Aviation of World War II
Fighter Ki-61 "Hien" ("Swallow") was a unique machine among Japanese combat aircraft of the Second World War. It was equipped with the Na-40 inverted V-piston engine, which was a licensed version of the German Daimler-Benz DB-601A engine.
The first prototype Ki-61 was manufactured in December 1941 and successfully passed flight tests, showing good maneuverability and controllability in the air. True, in comparison with the Ki-43, the fighter had a rather high specific wing loading (146 kg/m²), but this shortcoming was fully compensated for by powerful weapons, protected gas tanks and armored vehicle protection. The maximum speed of the Ki-61 at an altitude of 6,000 m was 591 km/h. To conduct military tests, the Kawasaki company built 11 more prototypes, but even before their completion, an order was received for the serial production of the fighter.
The Ki-61 entered service with the Japanese army at the end of 1942 and, in accordance with the Japanese designation system, received the name "Type 3 Model I Army Fighter", as well as the name "Hien" (Swallow). By the end of the year, the plant in Kagamihara had produced 34 serial fighters in two versions: Ki-61-la (armed with two 12.7-mm synchronous fuselage machine guns No-103 and two wing 7.7-mm machine guns "type 89") and Ki- 61-Ib (four 12.7 mm No-103 machine guns in the wing and fuselage).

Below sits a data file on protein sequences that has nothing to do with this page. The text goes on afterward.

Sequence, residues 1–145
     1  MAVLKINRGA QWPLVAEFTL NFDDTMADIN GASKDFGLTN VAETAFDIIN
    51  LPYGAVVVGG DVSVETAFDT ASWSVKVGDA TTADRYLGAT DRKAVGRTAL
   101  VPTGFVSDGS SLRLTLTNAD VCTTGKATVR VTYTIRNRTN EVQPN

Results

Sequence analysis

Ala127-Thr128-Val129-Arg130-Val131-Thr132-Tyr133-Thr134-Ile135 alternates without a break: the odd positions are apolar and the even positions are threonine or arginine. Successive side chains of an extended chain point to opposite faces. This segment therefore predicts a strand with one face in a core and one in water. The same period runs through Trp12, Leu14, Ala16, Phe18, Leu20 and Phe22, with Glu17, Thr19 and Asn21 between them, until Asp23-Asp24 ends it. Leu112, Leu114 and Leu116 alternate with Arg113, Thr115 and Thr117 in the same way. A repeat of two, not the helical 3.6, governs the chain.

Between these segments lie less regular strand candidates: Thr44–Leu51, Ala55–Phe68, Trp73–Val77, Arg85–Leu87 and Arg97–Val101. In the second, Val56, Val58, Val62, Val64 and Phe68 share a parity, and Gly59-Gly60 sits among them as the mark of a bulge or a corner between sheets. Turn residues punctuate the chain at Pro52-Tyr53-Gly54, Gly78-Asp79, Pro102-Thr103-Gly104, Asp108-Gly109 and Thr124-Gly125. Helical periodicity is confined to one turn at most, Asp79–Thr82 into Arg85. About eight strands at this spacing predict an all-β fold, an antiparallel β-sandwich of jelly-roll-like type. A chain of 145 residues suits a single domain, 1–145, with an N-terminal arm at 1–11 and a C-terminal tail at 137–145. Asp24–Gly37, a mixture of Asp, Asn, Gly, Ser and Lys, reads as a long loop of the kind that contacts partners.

The Ki-61-I fighter began to enter service in February 1943; in total, about 1380 aircraft were manufactured in two versions, differing in their weapons. After that, another 1274 Ki-61 KAI fighters appeared with an elongated fuselage and various weapon combinations.
Further developments led to the creation of the Ki-61-II KAI high-altitude fighter, with the Na-140 engine. The new Hien turned out to be the only Japanese fighter capable of effectively operating at high altitude against the B-29 Superfortresses, but the low reliability of the engine reduced its combat value to a minimum.
A total of 374 such aircraft were built, again in two versions with different weapons, but only 99 of them were equipped with the Na-140 engine. Like the rest of the Japanese fighters, the Hien was soon unable to withstand its American opponents.
Note: Ko, Otsu, Hei and Tei are the Japanese equivalents to a, b, c, d. Kai ('modified' or 'improved') was also used for some models of the Ki-61.